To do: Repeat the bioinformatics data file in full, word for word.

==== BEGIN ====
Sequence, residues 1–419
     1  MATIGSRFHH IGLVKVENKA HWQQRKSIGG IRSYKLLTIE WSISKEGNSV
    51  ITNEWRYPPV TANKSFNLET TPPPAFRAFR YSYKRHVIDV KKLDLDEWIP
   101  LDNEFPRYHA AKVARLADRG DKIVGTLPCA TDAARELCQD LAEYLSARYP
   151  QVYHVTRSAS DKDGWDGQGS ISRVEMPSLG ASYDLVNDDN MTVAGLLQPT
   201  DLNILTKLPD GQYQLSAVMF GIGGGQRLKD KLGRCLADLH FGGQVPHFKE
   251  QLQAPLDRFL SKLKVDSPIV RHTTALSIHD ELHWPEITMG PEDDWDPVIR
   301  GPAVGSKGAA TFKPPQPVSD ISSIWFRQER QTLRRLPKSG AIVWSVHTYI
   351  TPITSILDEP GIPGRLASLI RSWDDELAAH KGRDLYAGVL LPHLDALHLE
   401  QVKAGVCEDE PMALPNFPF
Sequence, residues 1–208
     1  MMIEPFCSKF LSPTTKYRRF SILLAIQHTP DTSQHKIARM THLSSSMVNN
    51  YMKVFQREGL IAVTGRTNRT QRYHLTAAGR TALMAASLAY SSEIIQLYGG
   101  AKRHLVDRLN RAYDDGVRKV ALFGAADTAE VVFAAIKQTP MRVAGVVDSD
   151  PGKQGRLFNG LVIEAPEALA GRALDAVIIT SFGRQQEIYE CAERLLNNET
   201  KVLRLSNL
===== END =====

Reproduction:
Sequence, residues 1–419
     1  MATIGSRFHH IGLVKVENKA HWQQRKSIGG IRSYKLLTIE WSISKEGNSV
    51  ITNEWRYPPV TANKSFNLET TPPPAFRAFR YSYKRHVIDV KKLDLDEWIP
   101  LDNEFPRYHA AKVARLADRG DKIVGTLPCA TDAARELCQD LAEYLSARYP
   151  QVYHVTRSAS DKDGWDGQGS ISRVEMPSLG ASYDLVNDDN MTVAGLLQPT
   201  DLNILTKLPD GQYQLSAVMF GIGGGQRLKD KLGRCLADLH FGGQVPHFKE
   251  QLQAPLDRFL SKLKVDSPIV RHTTALSIHD ELHWPEITMG PEDDWDPVIR
   301  GPAVGSKGAA TFKPPQPVSD ISSIWFRQER QTLRRLPKSG AIVWSVHTYI
   351  TPITSILDEP GIPGRLASLI RSWDDELAAH KGRDLYAGVL LPHLDALHLE
   401  QVKAGVCEDE PMALPNFPF
Sequence, residues 1–208
     1  MMIEPFCSKF LSPTTKYRRF SILLAIQHTP DTSQHKIARM THLSSSMVNN
    51  YMKVFQREGL IAVTGRTNRT QRYHLTAAGR TALMAASLAY SSEIIQLYGG
   101  AKRHLVDRLN RAYDDGVRKV ALFGAADTAE VVFAAIKQTP MRVAGVVDSD
   151  PGKQGRLFNG LVIEAPEALA GRALDAVIIT SFGRQQEIYE CAERLLNNET
   201  KVLRLSNL